In short, yes, you do. Self-assessment affects limited company directors too. Although they usually pay themselves a salary which has any tax due taken via PAYE, they also have to submit an annual self-assessment tax return to declare all the income they receive through dividends from their own company or from other sources.
What does payment on account mean ?
A payment on account is an advance payment you make twice a year towards your self-assessment tax bill. This is because HMRC estimate how much tax you owe for the upcoming year based on your previous year’s tax bill. You pay this estimate over two instalment dates so that you would find it easier to pay your tax bill rather than be hit with one lump sum on the 31st of January.
In other words, HMRC implemented this process to help taxpayers stay on top of their payments as well as avoid paying tax in arrears.
The payment on account amount is calculated as half of your full tax bill for the previous tax year. This means that if your tax bill was £2000 for the tax year ended on 5th of April 2022, then you will have to pay £1000 as payment on account by the 31st of July 2023 towards your tax bill due on 31st of January 2024 for the tax year ended on 5th of April 2023.
Your actual tax bill won’t necessarily match the estimate, as business income generally fluctuates from year to year. So if your payments on account don’t cover your total tax bill for the year, you must make an additional ‘balancing payment’ by the 31st of January.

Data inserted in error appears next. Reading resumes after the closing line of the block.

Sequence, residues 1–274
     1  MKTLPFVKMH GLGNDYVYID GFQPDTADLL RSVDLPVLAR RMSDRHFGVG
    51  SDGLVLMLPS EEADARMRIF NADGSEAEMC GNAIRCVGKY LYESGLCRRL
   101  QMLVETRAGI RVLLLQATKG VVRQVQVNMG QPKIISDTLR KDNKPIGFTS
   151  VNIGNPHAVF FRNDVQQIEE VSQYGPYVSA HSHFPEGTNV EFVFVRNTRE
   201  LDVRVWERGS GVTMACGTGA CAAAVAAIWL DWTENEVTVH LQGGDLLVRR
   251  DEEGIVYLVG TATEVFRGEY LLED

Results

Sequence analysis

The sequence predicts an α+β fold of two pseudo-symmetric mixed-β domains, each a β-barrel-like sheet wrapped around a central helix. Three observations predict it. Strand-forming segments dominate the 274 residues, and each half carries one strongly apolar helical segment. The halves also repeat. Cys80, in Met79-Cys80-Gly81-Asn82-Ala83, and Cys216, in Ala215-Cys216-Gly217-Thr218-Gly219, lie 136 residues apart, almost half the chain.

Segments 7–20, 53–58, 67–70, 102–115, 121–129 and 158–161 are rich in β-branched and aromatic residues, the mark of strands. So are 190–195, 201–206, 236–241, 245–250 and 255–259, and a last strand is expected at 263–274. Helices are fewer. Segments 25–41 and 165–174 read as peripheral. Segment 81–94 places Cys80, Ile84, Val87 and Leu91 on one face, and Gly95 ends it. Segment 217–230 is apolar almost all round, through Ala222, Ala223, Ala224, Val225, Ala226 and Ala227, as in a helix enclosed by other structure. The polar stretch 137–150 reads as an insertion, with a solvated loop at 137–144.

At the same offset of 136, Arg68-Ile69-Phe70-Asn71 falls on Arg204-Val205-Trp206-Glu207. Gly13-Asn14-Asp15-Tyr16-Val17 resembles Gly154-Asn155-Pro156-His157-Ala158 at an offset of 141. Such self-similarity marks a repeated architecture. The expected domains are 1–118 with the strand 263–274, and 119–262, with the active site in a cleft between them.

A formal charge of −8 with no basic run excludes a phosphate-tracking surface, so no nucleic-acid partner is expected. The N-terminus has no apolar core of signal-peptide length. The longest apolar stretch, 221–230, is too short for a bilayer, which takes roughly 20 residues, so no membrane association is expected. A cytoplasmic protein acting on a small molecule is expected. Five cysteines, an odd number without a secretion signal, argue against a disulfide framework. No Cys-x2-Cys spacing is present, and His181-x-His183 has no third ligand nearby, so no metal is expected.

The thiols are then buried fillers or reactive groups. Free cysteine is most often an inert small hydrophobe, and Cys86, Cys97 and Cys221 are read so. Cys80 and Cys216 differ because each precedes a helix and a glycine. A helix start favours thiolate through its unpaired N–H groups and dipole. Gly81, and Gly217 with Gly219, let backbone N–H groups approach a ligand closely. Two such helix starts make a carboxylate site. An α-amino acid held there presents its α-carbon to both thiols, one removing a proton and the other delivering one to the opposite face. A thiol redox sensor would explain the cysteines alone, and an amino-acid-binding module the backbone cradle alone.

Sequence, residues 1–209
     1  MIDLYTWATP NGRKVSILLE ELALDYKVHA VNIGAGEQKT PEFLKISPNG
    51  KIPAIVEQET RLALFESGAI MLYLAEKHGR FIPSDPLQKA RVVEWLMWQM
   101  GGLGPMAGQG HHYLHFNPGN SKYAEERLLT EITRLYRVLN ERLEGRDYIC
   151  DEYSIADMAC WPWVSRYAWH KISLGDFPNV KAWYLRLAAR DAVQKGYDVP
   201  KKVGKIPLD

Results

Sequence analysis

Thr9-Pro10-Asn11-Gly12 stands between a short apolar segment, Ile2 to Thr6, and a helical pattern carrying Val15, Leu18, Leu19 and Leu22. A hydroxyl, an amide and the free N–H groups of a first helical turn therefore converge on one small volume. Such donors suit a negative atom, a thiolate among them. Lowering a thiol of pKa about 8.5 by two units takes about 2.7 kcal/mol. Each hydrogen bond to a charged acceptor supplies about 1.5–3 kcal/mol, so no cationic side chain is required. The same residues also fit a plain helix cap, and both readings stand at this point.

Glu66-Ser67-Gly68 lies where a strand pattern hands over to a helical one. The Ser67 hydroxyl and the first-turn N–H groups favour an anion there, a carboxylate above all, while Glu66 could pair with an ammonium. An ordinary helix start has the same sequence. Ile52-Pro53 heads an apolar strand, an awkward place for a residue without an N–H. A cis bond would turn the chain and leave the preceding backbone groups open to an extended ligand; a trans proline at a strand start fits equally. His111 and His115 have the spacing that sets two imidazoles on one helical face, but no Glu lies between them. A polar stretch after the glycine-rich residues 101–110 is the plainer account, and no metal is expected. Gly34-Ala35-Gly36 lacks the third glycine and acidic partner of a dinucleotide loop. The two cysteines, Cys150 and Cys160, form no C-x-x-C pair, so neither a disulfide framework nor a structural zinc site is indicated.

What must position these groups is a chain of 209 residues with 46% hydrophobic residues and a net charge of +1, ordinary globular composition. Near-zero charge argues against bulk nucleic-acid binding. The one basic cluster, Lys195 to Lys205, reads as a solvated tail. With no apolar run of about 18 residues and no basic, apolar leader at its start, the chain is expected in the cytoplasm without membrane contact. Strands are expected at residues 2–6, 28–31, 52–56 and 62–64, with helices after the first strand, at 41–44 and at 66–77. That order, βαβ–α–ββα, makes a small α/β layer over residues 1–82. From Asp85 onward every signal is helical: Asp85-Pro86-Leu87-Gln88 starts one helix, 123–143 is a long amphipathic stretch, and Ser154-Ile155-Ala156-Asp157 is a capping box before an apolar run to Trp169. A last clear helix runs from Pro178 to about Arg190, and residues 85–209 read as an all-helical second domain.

Please note that payments on account include Class 4 National Insurance Contributions where applicable, but not student loan repayments or Capital Gains Tax.
The two deadlines for paying your self-assessment tax bill are:
- Midnight on 31st of January (the same date your self-assessment tax return is due) for any tax you owe for the previous tax year (a balancing payment) as well as your first payment on account for the upcoming tax year.
- Midnight 31st of July for your second payment on account for the upcoming tax year.
As a self-assessment taxpayer, you arere required to make payments on account to HMRC unless you fall under one of the following two categories:
- Your last Self Assessment tax bill was less than £1,000.
- 80% or more of your tax was deducted at source through PAYE.
What happens if I am late with a payment on account ?
Please don’t forget to set yourself a reminder mid-January (and mid-July if applicable) to get the money out and pay the tax over though, otherwise it will totally defeat the point!
Of course, a good accountant should be sending you deadline & payment reminders, to make sure you are always on the good side of HMRC.
Payment on account is not something that is widely known about among people who have just started as sole traders. And if you’ve been expecting a tax bill of, say, £10,000, having to find an extra £5,000 to cover your first payment on account may simply be impossible.